This week we’ll be looking at Daredevil, Mark Millar’s new series The Secret Service, Wonder Woman, and Avengers vs. X-Men Round 4. One of them is awesome, two are pretty good and one is Avengers vs. X-Men. Keep reading!
After Matt’s date with the Assistant D.A. went off the rails last issue, one would think that things couldn’t possibly get worse for the Man Without Fear…and one would be wrong. With Omega Drive in tow, Daredevil gets attacked by the four remaining crime organizations all at once. Things start to look pretty bad for our hero when Black Spectre arrives on the scene and once again disorients everyone, buying them time to steal the Drive from Daredevil and disappear into thin air. Saying any more would be totally spoiling the story, but the issue ends with a completely unexpected twist that puts Daredevil in a tight spot – literally. I love the Omega Drive as the main plot point because it keeps the stakes high at all times, but things seem to going in circles at this point; Matt antagonizes the criminals, they come after him in huge numbers, fighting ensues, and nothing substantial really happens. I have total faith that Waid knows exactly where this story will go, but he’s definitely taking his time getting it there.
The Secret Service #2
Mark Millar always has a lot on his plate, but the quality of each individual project never seems to suffer because of that; the fact that he always finds the very best artists to work with doesn’t hurt either. The Secret Service, drawn by Dave Gibbons (Watchmen) tells the story of a highly-trained secret agent for the British government who enlists his punk of a nephew to become a spy. The first issue focused on the nephew, Gary, and his life of crime and general bone-headedness. In this issue, Gary finds out his uncle’s profession and begins his training to become the next great super-spy. It’s a story that seems tailor-made for the big screen and I’m curious how far Millar will be able to stretch it without running into all the clichés that go along with this genre. It’s proved entertaining so far, with intriguing plot points that have barely been touched upon and will hopefully come together to become something great. The characters themselves seem compelling enough, even though they don’t really have much to set them apart; Agent London has “James Bond rip-off” written all over his finely tailored suit and high-tech wristwatch. Millar is usually great at taking well-worn genres and flipping them on their ears, and I hope he can do the same here – as of the second issue, my hopes are high.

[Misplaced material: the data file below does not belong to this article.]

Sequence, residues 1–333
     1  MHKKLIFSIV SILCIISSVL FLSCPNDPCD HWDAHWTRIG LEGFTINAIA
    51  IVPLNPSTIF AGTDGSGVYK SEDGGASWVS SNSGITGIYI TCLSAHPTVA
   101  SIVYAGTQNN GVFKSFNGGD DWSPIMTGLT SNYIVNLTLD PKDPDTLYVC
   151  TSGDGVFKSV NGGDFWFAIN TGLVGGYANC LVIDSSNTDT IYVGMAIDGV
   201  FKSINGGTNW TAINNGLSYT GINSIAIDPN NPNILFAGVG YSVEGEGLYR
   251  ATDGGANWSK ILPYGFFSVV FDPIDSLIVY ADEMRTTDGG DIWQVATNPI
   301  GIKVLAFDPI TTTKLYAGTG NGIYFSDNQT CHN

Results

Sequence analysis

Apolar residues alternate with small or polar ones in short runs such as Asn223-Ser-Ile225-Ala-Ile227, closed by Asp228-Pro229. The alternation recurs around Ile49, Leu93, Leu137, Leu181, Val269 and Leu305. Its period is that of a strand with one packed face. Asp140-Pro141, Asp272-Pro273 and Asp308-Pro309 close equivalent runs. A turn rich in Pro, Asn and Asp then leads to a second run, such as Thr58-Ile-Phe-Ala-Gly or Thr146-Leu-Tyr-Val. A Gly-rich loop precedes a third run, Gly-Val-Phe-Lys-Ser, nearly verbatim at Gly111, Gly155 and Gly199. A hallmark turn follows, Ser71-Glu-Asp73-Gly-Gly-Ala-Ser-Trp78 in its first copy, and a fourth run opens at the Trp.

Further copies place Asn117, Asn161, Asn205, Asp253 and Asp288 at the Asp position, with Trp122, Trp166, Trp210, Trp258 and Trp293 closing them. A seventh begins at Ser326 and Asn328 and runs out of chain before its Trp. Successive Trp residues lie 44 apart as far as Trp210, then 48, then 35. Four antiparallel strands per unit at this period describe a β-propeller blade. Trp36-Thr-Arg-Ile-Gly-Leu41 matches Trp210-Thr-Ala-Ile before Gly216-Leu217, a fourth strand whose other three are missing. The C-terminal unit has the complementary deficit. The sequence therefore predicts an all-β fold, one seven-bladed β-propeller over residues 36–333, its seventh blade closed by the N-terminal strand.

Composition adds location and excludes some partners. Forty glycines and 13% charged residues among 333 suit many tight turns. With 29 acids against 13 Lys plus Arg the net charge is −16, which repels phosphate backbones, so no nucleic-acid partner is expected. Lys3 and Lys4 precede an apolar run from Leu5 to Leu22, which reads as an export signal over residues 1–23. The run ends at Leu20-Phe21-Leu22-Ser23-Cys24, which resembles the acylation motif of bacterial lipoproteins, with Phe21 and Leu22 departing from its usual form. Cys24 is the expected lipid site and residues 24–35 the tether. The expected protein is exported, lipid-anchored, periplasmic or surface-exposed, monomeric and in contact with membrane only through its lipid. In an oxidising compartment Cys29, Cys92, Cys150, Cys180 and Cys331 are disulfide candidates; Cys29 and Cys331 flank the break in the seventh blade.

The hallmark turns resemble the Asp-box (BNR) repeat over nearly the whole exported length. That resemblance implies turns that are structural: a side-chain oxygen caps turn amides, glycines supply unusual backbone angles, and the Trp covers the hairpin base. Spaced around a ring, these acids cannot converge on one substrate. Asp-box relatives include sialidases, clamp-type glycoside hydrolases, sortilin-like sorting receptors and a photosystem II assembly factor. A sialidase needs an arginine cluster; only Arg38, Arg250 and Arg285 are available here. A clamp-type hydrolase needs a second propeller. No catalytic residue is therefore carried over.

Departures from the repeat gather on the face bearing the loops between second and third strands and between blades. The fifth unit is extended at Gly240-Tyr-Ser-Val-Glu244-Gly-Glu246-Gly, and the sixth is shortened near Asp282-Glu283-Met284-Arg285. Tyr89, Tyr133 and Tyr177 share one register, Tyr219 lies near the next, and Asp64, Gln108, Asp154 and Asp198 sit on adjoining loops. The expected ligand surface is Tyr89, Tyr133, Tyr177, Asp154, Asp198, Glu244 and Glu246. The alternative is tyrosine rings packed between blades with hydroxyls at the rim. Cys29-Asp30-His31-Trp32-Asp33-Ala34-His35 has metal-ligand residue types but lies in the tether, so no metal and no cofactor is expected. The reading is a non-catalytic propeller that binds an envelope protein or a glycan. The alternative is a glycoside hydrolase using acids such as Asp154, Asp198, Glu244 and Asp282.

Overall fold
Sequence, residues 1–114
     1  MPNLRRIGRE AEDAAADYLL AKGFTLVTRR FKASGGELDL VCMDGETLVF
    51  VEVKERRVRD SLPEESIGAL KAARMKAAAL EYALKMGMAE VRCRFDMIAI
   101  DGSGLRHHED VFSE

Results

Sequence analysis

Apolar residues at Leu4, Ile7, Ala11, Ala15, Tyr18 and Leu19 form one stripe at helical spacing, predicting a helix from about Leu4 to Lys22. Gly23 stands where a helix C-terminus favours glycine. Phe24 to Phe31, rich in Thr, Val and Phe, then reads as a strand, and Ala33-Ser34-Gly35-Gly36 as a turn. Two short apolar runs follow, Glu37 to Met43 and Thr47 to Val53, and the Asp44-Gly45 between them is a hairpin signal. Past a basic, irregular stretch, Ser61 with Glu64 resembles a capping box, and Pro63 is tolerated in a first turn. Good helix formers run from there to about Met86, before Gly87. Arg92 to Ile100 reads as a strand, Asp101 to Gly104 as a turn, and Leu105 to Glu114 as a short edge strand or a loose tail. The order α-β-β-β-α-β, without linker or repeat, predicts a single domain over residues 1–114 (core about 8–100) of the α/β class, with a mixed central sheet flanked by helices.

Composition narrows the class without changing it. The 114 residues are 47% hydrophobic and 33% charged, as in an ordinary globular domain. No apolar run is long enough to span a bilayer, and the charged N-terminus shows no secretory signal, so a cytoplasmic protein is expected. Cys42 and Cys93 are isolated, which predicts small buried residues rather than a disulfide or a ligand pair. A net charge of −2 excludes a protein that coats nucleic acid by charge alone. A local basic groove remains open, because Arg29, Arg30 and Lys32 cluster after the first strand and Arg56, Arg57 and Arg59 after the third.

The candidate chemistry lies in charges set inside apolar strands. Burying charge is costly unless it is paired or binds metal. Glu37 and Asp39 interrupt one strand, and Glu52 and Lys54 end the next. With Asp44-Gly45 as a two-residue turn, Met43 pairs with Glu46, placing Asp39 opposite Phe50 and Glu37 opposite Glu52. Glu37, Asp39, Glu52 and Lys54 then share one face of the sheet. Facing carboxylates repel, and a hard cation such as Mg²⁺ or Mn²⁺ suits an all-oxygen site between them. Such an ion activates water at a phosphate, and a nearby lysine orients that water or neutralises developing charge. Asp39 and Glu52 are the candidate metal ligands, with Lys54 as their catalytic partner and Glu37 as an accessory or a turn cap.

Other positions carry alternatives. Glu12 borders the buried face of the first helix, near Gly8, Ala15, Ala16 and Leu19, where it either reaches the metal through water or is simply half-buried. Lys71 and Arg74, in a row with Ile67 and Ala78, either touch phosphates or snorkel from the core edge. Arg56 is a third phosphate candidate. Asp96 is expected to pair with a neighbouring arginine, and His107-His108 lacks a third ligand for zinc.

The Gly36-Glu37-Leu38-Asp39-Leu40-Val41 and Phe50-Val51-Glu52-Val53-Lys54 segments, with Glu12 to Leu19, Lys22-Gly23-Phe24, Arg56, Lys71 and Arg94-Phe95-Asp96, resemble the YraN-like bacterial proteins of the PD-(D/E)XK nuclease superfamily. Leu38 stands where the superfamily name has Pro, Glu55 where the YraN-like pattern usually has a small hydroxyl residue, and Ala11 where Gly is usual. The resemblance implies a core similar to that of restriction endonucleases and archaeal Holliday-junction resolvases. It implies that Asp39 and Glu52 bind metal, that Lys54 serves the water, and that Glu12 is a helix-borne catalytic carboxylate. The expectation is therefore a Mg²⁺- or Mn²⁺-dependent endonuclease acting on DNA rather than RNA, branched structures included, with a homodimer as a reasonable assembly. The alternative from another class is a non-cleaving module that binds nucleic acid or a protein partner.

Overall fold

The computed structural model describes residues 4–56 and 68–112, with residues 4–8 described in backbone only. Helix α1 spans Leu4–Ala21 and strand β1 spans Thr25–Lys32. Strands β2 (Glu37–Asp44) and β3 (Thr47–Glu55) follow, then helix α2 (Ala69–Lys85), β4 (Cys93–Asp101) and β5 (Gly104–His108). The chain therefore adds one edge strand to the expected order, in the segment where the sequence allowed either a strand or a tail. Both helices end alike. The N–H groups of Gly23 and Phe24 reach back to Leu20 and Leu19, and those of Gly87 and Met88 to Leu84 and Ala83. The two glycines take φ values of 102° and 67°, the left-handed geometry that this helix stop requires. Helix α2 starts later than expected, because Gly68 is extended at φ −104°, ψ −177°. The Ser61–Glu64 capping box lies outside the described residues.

Wonder Woman #9
While Brian Azzarello’s Wonder Woman has one of the most complex and sometimes difficult-to-follow storylines of the New 52, it’s also one of the most original and dark concepts of any superhero story out there. Greek gods and goddesses are portrayed as humans (or sea-monsters) that walk the earth and usually cause a lot of trouble just because they can. The main plotline has been that Zeus, who took the form of a human and impregnated a country girl named Zola, is missing, and his many siblings are all vying for his throne. Diana has been protecting Zola from the powers that be, which recently brought her to the depths of the Underworld where she was shot through the chest by Hades himself. This week’s issue is the darkest the series has ever seen, with images of death, slit wrists and suffering souls filling the pages. Artist Tony Akins does a commendable job, particularly with Hades’ grotesque throne, but I would have loved to see on-again off-again artist Cliff Chiang’s interpretations of Hell. Wonder Woman is getting ready to marry Hades in order to secure the freedom of Zola, but of course nothing is as it seems when Azzarello is involved and the issue ends with a doozy of a cliffhanger. This was another excellent issue that only could have been made better with Chiang’s distinctive art.
Avengers vs. X-Men #4
Avengers vs. X-Men has gone from a fun, if unremarkable, comic to an offensively empty shell of one in the span of only four issues. This issue, scripted by Jonathan Hickman, jumps around so much that any semblance of a narrative is totally thrown by the wayside. When both teams should be searching for Hope, they’re instead punching each other all around the world, starting fights that will surely be finished in the pages of that awful AvX: VS book. The lack of any kind of depth was excusable in the first few issues as the story was still being introduced, but when every issue is essentially the Avengers and the X-Men fighting each other in different locales with no real consequences or character developments, it’s hard to justify a purchase. That being said, this issue does end with a promising cliffhanger that will hopefully advance the story and bring this book out of the rut it’s currently stuck in.